2-cycle Specialized RockHopper Comp FS

Discussion in 'Photos & Bicycle Builds' started by mouchyn, Sep 21, 2008.

  1. mouchyn

    mouchyn New Member

    Bike: Specialized RockHopper Comp FS circa 1999

    Engine: Chinese 2-cycle engine kit, seller claims 38cc. The kit did not include original manufactruer documentation, only a poorly-written installation guide. The language in that packet is what I would expect from a child. Kit included the usual: engine w/ carb, exhaust pipe w/ baffle, fuel tank, grips/killswitch/throttle, clutch lever and cable, chain, idler, chain guard, drive gear, rag joints, and necessary hardware

    Upgrades and Enhancements:

    Engine:

    -Blue motorcycle-grade fuel line
    -Yellow NGK 8.8mm spark plug wire
    -Black NGK plug connector
    -NGK B7HS spark plug
    -Repositioned Clutch arm - significantly reduced lever effort and smoothness
    -Bored (slightly) engine mounts to fit wider Specialized frame
    -Flat engine mounts - Cut from left-over Harley parts
    -Replaced engine mount studs/nuts with Honda automotive bolts (more left-overs)
    -Replaced exhaust studs/nuts with Honda exhaust-grade bolts
    -Wrapped bike frame with think PVC pipe-wrap at all metal contact points - This has done wonders for longevity and reliability
    -Nearly every bolt/nut/screw on the bike has some loc-tite - I check everything weekly, but nothing has loosened up since application of the thread locker. Even the exhaust and engine mount bolts are still tight!
    -Ring terminal secured to water-bottle mounting hole (kill switch ground)
    -Semi-neatly taped and secured cables and wiring to the frame
    -Replaced Exhaust pipe gasket - There are absolutely no leaks where the exhaust pipe meets the engine, now. Dad traced and cut 10 more from a roll of exhaust gasket material for me (Thanks Dad!). The gasket works great until you remove the exhaust pipe. It totally cracks and falls apart. These gaskets are definitely one-time-use only.
    -Baffle - Galvanized pipe fittings modified to achieve an hourglass shape. Several holes were drilled in the 4-inch pipe segment inside. The original baffle blew out on the road and was destroyed by a car. The screws didn't come loose, but the bottom half of the screw-hole in the exhaust can broke and the whole assembly slid right out at 30mph. Until a final design is reached, the baffle is held in with a wire coat hanger wrapped around the top of the can. Although the final design will likely be welded in the exhaust can, the wire hanger rig has been more secure than the original design.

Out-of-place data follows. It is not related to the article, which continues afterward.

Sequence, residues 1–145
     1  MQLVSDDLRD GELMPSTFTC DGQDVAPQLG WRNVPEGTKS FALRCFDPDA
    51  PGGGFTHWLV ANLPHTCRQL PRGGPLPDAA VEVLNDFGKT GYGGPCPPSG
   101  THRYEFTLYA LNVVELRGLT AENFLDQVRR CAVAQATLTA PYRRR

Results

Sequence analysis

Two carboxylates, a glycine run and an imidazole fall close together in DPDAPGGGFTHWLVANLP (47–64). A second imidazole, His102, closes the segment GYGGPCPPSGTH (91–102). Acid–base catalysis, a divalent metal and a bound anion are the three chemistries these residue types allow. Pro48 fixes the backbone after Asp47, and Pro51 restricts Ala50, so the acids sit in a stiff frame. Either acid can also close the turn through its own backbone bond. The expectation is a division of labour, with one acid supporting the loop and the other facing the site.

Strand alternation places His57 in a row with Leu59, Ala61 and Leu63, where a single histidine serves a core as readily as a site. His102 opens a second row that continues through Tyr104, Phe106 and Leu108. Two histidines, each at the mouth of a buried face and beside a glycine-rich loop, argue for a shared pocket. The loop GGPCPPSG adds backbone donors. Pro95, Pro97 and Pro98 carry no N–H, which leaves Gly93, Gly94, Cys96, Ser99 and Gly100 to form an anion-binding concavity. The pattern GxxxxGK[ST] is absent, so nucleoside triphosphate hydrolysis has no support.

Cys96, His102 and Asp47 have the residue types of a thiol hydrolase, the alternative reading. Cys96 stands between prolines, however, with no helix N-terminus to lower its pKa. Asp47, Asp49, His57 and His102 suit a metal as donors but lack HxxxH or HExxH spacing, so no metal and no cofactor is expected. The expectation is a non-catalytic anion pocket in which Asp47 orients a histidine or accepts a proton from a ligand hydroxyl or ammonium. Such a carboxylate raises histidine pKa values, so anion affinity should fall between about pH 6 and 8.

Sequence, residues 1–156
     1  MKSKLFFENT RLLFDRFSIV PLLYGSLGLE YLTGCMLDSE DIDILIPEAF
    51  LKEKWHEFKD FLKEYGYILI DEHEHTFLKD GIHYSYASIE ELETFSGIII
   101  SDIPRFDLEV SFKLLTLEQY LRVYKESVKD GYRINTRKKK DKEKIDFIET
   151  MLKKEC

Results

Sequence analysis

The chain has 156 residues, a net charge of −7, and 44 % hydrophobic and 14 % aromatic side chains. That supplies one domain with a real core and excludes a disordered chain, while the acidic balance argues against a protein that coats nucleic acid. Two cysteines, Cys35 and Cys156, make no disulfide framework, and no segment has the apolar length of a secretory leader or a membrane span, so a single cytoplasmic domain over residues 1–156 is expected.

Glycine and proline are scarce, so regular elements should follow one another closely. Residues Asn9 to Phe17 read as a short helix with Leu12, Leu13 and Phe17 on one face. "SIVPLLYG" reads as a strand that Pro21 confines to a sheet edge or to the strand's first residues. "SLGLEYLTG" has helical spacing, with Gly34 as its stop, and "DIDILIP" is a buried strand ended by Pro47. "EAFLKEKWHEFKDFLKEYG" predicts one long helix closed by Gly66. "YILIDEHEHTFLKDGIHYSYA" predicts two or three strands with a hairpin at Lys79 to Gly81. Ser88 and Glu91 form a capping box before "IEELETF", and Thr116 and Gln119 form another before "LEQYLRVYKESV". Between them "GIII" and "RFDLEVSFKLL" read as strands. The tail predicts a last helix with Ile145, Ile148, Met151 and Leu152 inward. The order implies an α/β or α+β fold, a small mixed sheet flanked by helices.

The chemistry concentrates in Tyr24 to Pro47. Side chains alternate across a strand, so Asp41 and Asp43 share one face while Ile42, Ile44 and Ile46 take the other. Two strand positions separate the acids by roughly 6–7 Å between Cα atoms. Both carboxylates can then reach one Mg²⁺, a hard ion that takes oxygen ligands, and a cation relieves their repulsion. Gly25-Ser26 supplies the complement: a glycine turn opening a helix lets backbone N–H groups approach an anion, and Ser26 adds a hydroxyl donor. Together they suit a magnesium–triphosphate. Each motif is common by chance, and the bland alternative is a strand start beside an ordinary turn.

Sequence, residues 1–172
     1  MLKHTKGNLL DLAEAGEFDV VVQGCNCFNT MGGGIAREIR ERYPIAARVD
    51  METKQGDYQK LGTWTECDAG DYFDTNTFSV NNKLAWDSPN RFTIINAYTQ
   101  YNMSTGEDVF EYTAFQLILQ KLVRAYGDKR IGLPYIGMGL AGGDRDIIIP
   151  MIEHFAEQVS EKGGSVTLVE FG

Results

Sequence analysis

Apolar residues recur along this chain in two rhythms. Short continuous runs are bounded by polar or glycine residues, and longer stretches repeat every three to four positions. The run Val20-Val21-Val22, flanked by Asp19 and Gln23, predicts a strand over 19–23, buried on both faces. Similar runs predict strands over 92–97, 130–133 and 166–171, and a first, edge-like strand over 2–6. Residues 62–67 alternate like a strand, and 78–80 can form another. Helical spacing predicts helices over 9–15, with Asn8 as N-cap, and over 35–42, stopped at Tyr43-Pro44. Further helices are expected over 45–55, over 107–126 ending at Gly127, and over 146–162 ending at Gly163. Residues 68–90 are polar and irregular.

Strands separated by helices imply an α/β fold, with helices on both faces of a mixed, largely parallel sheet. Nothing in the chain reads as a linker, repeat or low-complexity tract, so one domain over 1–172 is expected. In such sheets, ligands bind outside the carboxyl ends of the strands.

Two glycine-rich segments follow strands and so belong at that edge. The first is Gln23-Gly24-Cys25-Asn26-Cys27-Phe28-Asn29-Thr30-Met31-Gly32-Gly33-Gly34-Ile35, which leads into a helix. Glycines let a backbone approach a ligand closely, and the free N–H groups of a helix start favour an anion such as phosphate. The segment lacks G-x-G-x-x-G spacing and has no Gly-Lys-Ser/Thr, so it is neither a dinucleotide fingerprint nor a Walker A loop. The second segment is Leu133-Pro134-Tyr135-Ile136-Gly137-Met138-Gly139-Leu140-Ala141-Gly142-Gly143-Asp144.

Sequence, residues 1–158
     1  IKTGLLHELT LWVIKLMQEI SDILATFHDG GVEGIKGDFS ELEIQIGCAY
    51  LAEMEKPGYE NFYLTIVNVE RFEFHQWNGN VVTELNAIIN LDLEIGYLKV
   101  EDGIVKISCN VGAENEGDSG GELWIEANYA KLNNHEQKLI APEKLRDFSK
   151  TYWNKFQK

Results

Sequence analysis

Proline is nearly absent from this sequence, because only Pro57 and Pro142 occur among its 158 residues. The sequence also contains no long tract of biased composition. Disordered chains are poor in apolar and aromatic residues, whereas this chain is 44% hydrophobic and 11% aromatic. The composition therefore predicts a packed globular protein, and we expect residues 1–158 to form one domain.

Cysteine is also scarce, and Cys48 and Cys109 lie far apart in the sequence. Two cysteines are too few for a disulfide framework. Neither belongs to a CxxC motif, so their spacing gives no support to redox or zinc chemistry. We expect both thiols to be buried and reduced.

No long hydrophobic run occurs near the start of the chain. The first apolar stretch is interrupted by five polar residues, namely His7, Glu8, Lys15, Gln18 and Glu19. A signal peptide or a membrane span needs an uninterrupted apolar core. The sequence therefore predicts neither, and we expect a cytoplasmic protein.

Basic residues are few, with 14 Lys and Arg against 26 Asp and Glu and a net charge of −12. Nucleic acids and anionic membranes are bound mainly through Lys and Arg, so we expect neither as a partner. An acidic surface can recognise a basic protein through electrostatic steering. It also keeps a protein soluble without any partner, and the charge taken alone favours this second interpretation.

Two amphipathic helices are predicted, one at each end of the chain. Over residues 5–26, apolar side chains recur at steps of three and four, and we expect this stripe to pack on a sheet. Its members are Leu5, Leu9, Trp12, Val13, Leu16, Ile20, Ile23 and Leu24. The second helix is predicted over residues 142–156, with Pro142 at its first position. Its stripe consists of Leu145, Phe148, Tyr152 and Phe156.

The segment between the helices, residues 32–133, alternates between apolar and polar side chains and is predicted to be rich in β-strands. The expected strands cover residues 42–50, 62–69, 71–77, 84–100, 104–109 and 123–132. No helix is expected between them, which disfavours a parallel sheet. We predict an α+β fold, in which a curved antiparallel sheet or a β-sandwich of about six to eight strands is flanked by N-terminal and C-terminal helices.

Other

    -26" Ritchey off-center wheels
    -Ritchey wheel hubs, crank hub, steering hub
    -Cateye Opticube 3-LED Headlight
    -Cateye 3-LED Red tail light
    -Sunlite Black Aluminum Luggage rack, Spring-loaded cargo arm, Saddle bag friendly
    -Dual-brake lever, AWESOME when the brake bias is set properly
    -AirLift wide-saddle, pressure/firmness is adjustable
    -Suspension seat-post, really smoothes out the urban landscape while commuting

    http://leonardo.met.tamu.edu/people/technical_staff/mouchyn/
     

  2. Yup seen those little buggers

    My friend has the 48cc from this older distributer and it was Bigger than this one. That was the smallest Ive seen is this model. My friend had opted for the Centrifugal model. If you took the carb apart youd probably see Brass slide. Like wise the Engine was cast steel Jugged.
     
  3. charlie51bc

    charlie51bc New Member

    I've got a 95 Spec frame virtually the same.What did You use for Shims ?under the Chain Tensioner?
     
  4. are you talking about the engine on the first Question?. For the Rear you can grind a spline surface on the in
    side of the C and it will clamp onto the frame without sliding. If your chainstay is too small of a Diameter that is a different problem moving it closer to the Crank will be putting it on bigger diameter material (same chainstay ie.: Bottom left bar.) Soft or harder metals work like cadmium or lead
     
    Last edited by a moderator: Feb 14, 2009
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